Baptism and Chrismation

“Our belonging, our loyalty to anything in ‘this world’ – be it the State, nation, family, culture or any other ‘value’ – is valid only inasmuch as it does not contradict or mutilate our primary loyalty to the Kingdom of Christ. We belong to this Kingdom here and now and we belong to it and serve it before all other ‘kingdoms.’ In the light of that Kingdom no other loyalty is absolute, no other loyalty can claim our unconditional obedience, no other loyalty is the ‘lord’ of our life.”

– Father Alexander Schmemann (1921-1983)

Baptizing Your Child at Saint Paul’s

The Church baptizes infants on the basis of the commitment made by the parents and godparents that the child will be raised and nurtured in the life of faith in Christ Jesus, our savior and redeemer. The Apostle Peter, preaching to the crowds in Jerusalem on the feast of Pentecost and calling on them to be baptized, declared that the promise fulfilled in Jesus Christ was for them and their children (Acts 2:39). In this sense, baptism replaces circumcision as the mark of the covenant (Colossians 2:11-12).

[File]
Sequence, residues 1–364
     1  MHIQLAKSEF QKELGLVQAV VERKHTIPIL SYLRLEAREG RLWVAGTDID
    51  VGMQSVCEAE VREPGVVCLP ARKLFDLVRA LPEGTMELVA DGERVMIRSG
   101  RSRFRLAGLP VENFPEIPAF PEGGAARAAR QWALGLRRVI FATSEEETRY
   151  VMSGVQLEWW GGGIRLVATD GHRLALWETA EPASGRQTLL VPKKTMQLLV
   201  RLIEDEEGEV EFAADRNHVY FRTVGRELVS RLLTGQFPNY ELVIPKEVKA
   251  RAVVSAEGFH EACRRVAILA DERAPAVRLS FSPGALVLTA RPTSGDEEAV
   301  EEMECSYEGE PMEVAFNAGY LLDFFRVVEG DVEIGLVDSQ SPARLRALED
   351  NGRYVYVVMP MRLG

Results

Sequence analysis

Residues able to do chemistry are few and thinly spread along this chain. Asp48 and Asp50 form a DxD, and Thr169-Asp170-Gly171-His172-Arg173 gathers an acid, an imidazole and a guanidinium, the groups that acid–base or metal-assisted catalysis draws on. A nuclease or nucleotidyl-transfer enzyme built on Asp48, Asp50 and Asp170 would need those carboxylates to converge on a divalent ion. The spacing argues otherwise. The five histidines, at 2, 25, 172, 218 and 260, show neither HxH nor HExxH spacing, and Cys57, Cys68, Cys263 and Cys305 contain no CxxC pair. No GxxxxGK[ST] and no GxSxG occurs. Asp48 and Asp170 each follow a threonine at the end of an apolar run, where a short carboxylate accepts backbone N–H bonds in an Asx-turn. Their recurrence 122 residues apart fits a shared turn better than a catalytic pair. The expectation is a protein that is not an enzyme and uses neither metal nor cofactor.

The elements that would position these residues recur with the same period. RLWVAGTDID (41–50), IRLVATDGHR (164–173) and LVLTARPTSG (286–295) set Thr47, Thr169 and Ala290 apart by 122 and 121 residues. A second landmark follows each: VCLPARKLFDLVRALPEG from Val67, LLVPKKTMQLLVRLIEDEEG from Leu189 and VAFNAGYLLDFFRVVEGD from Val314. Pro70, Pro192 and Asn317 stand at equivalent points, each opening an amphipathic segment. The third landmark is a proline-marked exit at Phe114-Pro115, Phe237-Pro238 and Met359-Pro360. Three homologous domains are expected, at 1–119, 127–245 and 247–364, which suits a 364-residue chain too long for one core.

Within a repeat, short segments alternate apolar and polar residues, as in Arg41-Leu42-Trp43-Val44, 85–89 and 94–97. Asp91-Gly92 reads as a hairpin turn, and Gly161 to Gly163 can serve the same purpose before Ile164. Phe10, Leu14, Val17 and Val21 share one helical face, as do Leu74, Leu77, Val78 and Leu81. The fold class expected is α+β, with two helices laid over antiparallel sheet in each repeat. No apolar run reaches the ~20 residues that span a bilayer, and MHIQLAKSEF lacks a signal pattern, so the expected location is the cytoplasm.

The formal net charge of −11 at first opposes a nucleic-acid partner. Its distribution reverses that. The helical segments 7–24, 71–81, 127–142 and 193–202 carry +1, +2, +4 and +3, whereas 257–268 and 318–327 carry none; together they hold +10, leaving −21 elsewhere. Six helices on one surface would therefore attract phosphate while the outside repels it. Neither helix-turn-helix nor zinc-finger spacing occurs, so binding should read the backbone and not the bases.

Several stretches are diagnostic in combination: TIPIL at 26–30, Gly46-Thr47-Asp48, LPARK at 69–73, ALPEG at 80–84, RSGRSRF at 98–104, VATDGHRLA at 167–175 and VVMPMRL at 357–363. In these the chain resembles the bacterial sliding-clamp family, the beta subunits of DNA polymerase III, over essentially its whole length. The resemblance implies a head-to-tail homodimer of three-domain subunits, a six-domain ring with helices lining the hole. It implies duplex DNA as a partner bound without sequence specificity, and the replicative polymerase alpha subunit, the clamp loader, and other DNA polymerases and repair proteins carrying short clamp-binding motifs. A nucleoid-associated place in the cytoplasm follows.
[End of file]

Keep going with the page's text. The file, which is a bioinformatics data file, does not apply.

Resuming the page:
Understanding Baptism and Chrismation

The liturgy of baptism as it is celebrated in the Orthodox Church is very ancient, most of it composed no later than the 4th century, more than 1600 years ago. It is comprised of two parts: the Service for the Making of a Catechumen and the Sacrament of Baptism/Chrismation. The word “catechumen” is an ancient Greek word that means “one who is learning the faith.” A Christian is someone always learning their faith, always seeking to “grow in the grace and knowledge of our Lord and savior, Jesus Christ” (2 Peter 3:18).